From George M. Dallas
Philadelphia 19th. May 1817.
My Dear Sir,
In reviewing and examining my father’s papers, with the design of giving ornament and interest to his biography, I have derived incalculable pleasure from the perusal of letters written by you. They are very numerous; and (with some exceptions of a closely confidential character) treat of topics so important, in a manner so delightful, and so authentic, that I cannot estimate the value, their insertion would confer upon the intended publication. It is impossible not to observe, also, that they constitute some of the best materials for the history of a period which, commencing in gloom, terminated in glory; and upon which, the Compiler of your own Memoirs, or the eulogist of the Republican Administrations, must, hereafter, rest with peculiar satisfaction.
I am perfectly aware with what extreme delicacy these documents should be treated; that my controul over them must be limited by a high sense of the personal, as well as official confidence reposed in my father: and that the calamity which has placed them within my possession cannot justify an improper and unauthorised use of their contents. Upon this point, nothing need be said. But I cannot help feeling that complete justice will not be done to the character of my subject, in its various aspects of public and private excellence, without disclosing the sentiments and opinions of those for whom, and with whom, the brightest portion of his life was spent; whose wisdom he always extolled: and whose principles, both moral & political, he recognized as congenial with his own.
My wish is to exhibit my father as he was—to shew that in every scene, behind as before the curtain, in private communication as well as in public display, he never was otherwise than upright, candid, intelligent, and accomplished. To effect this, mere naked panegyric, from my pen, will not answer; and I have, therefore relied, with some confidence, on obtaining the consent of his friends to the publication of his correspondence. To You, my Dear Sir, I make the first application; and possessed of your sanction to the proceeding, do not doubt of procuring it from all the distinguished gentlemen, with whom his correspondence has been important and interesting.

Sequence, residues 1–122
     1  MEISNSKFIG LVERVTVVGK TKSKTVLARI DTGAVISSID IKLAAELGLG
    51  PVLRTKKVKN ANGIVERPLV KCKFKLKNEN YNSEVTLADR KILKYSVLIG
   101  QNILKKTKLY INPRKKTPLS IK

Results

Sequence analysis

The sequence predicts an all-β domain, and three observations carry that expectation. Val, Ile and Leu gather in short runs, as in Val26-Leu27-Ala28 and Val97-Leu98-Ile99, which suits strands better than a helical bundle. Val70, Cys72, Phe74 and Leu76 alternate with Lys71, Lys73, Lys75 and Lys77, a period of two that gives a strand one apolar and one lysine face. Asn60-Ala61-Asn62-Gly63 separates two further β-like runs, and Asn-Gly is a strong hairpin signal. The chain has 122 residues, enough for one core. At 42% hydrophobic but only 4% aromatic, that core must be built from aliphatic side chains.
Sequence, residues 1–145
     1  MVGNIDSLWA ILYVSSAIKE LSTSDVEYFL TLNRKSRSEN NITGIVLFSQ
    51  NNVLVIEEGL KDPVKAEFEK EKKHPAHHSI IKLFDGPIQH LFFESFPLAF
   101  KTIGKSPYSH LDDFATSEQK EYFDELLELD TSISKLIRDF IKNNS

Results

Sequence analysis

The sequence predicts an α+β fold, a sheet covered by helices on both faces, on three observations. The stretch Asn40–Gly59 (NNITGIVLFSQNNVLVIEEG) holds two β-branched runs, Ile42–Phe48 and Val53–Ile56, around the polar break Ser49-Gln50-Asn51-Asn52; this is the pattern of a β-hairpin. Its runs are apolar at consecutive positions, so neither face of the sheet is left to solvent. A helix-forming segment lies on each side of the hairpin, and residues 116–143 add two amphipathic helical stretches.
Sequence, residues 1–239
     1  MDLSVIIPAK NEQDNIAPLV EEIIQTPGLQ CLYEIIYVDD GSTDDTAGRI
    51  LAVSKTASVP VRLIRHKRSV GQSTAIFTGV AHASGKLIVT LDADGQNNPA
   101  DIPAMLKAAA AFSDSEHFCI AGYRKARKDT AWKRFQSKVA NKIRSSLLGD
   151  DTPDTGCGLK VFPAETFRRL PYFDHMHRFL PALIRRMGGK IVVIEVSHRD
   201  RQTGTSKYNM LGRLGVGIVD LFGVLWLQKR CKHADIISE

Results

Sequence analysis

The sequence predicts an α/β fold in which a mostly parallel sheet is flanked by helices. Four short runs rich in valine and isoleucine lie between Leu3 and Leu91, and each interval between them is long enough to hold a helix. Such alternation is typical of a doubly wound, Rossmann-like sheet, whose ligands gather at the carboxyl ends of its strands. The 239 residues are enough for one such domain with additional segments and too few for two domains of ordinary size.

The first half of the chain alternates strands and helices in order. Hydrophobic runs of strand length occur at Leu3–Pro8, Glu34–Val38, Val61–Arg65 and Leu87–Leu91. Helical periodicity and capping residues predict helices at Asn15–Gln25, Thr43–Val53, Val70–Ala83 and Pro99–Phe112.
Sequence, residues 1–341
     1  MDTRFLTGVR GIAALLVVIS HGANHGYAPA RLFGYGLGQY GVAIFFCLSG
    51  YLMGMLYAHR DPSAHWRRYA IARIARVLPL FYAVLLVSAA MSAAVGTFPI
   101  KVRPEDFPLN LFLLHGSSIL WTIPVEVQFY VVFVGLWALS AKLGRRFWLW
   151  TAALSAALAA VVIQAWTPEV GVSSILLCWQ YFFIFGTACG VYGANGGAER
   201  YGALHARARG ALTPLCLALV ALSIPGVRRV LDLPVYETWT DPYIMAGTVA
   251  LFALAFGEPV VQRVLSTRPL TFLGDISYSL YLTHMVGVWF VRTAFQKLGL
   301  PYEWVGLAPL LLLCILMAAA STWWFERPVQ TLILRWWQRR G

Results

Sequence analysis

To obviate most of the disagreeable incidents which, in this country especially, might attend the publication of letters, I have contemplated a suppression of the writers name. Though this arrangement may diminish the interest, it cannot affect the matter or the style, of the composition.
Should you deem my object laudable, and the proposed means justifiable, I cannot but hope and solicit that many of the letters written by my father, and which, perhaps, you have preserved, may be contributed for a fuller and more exact portraiture of his character. With sentiments of the highest consideration, and personal veneration I have the honor to be My Dear Sir Yr. mo: obed: Sert
G. M. Dallas.
RC (DLC: Rives Collection, Madison Papers). Docketed by JM, “A. J. Dallas / George Dallas.”